What wasn't for me to like? They picked me up from school, played music for me, let me play with their precious and sophisticated Commodore 64, took me to carnivals, parties, all ages shows, movies and parties with them. They never made me feel disincluded, and they would hold me accountable if I did something annoying like use their hair conditioner or TOTALLY shred the top flap of a box of cereal instead of asking for help opening it. I look back now and marvel at the generosity and interest they showed in me. Think about it: when I was learning to tie my shoes, Glasses was playing basketball (and maybe a little Dungeons and Dragons), Mechanic was stripping down minibikes and putting them back together, and Handy Man was officially driving and thisclose to the legal drinking age.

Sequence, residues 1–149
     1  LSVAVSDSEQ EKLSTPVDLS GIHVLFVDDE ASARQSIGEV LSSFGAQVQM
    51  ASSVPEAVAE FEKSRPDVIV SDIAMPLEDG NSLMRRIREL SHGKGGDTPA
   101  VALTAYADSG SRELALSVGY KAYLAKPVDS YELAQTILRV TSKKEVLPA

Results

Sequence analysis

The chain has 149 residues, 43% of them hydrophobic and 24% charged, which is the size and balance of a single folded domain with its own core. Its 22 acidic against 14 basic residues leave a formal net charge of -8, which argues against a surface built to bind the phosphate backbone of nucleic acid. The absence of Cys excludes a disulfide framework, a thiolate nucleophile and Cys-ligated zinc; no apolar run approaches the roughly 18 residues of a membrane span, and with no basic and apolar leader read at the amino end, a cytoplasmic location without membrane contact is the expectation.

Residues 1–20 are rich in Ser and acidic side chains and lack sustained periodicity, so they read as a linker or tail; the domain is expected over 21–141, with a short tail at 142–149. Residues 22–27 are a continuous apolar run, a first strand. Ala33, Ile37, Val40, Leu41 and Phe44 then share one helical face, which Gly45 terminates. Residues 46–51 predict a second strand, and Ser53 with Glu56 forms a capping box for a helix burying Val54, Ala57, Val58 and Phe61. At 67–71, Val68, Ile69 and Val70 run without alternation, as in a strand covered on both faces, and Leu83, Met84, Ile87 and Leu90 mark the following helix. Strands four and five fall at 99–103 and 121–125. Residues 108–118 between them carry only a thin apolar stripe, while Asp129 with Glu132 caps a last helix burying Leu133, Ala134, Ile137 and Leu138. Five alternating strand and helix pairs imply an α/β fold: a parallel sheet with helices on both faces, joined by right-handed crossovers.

June 14 is Mechanic's birthday, which is why I thought of this, but it didn't seem fair to leave the others out. Especially since I've always rather liked being one of the youngest in the family.

(from Tuesday, June 14)

Friday, June 17, 2011

Gratitude #33: Thinning Traffic Patterns

As the school year winds down 'round these parts, so does the traffic. It is glorious. Now that the minivan brigade no longer wends its way around the beltway, dropping off their precious cargo at outrageously expensive private schools, I can get to work 10 minutes faster, which means leaving 10 minutes sooner.

It doesn't sound like much, but those 10 minutes, man, they are the difference between children who are happily munching on dinner and children who morph into angry puddles of ravenous tantrum.